What a remarkable school year this has been! Despite the enormous challenges of enduring two Category 5 hurricanes in two weeks—and the last few years of a down economy for St. Croix in general—we have made remarkable progress here at Good Hope Country Day School. We have been thrilled and proud to have the support of so many alumni along the way (including an energizing group of GHS ’78s visiting campus Monday!). Thank you!
Whenever I feel a hint of frustration, I simply think back to last fall and I become enormously grateful for how far we have come since September 20. As you may know, here is a quick recap:
· We re-opened nine days after Maria despite no power, no phone service, no connectivity, limited water, and a depleted staff. (The attached photo shows our remarkable Class of 2018 two weeks later—the epitome of grit.)
· Eighteen months of disciplined flood mitigation work, including finishing replacing 10,000 roof screws just 24 hours before Maria passed, likely saved our campus.
· We quickly projected a $1M hit to our tight $4.5M budget—and swiftly covered most of this shortfall through the largest gift in the School’s history, a 10x increase in trustee giving, cash reserves we had consistently set aside the last two years, and immediate cuts to payroll.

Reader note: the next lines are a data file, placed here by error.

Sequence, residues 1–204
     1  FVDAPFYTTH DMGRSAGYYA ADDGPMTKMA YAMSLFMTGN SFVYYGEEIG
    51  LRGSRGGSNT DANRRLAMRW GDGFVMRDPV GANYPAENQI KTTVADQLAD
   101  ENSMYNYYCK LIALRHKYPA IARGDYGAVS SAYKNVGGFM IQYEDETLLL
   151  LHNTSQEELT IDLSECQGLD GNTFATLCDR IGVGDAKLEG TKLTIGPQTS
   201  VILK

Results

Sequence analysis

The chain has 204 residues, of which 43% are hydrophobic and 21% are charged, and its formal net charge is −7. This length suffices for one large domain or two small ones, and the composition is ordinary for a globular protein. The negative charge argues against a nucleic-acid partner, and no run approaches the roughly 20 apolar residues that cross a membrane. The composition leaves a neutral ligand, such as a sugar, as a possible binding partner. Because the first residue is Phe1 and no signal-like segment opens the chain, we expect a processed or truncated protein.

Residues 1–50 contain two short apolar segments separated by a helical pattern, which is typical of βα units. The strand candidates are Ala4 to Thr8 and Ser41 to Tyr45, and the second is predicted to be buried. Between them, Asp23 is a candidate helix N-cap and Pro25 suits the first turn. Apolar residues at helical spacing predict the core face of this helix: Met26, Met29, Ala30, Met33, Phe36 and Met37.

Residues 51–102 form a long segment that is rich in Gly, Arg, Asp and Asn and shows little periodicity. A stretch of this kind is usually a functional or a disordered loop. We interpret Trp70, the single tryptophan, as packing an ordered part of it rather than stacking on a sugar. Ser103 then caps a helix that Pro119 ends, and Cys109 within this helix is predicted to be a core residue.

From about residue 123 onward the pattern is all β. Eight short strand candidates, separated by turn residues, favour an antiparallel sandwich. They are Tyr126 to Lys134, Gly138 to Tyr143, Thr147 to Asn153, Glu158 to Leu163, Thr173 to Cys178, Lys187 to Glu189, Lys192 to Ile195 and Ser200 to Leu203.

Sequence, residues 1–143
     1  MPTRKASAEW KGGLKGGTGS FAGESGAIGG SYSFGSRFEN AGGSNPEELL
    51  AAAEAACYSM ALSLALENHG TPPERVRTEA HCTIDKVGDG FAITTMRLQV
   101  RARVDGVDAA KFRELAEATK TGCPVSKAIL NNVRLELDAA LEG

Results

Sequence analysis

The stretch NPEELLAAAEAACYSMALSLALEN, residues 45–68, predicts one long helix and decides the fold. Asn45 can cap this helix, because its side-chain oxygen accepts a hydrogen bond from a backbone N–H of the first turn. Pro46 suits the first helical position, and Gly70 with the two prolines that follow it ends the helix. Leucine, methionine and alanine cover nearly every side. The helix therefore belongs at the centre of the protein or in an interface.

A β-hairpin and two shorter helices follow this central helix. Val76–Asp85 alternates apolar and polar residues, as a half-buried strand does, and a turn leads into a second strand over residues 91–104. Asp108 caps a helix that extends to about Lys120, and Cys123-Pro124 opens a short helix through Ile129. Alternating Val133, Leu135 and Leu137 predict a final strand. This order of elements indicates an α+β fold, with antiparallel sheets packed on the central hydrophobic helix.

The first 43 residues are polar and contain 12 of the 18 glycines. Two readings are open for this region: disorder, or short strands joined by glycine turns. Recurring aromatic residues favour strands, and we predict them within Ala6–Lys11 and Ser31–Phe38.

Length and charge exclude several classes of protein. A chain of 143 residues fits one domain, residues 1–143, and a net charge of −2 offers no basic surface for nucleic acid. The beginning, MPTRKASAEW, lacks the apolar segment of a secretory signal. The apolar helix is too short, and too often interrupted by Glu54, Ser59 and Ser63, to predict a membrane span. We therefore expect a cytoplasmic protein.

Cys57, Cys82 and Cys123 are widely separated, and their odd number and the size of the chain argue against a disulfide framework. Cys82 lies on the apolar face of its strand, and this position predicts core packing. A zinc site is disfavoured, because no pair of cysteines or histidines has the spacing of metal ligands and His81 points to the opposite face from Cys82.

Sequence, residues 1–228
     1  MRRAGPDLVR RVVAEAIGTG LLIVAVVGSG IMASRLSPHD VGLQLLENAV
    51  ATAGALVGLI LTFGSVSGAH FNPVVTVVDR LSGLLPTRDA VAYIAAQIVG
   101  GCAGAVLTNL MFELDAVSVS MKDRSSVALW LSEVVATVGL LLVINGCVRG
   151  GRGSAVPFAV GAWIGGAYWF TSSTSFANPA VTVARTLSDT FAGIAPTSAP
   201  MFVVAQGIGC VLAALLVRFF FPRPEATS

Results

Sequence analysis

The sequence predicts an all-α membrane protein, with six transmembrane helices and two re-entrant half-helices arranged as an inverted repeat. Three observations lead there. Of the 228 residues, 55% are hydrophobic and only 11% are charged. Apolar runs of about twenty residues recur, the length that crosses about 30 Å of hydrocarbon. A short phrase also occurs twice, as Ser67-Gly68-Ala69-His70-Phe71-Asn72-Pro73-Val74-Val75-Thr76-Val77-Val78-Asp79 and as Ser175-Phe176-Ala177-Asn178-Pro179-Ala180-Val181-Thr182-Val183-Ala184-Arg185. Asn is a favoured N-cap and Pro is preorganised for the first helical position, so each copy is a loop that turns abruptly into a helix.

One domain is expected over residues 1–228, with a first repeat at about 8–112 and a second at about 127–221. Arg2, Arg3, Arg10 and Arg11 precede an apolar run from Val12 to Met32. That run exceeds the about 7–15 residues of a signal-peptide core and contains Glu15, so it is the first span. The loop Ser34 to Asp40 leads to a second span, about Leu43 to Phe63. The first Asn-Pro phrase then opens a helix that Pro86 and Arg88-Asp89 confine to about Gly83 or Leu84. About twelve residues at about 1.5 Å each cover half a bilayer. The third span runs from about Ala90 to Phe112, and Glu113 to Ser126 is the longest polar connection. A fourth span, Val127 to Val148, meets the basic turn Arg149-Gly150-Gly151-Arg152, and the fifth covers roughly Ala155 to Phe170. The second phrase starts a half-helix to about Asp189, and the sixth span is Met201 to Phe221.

· Despite a 35% drop overnight in enrollment, we cut only 10% of our faculty and staff.
But merely bouncing back from Maria is not good enough. We are committed to providing the students of St. Croix with a world-class education, and we have been striving to be Better After Maria (BAM!). The following examples are a testament to our efforts:
· We now have back-up power on 14 of our 17 buildings (vs. 5 Pre-Maria), ensuring minimal disruptions to learning despite continued 1-2 power outages weekly.
· We have provided excellent intensive training for our lower and middle school faculty in College Prep Math (CPM) and Bridges, our exciting new math curricula—and we recently hosted a record 100 K-5 parents for a math morning workshop that received rave reviews.
· We held our first Independent Learning Lab Expo earlier this month to celebrate our pilot program of personalized student projects and studies, including financial math, coding, and advanced German.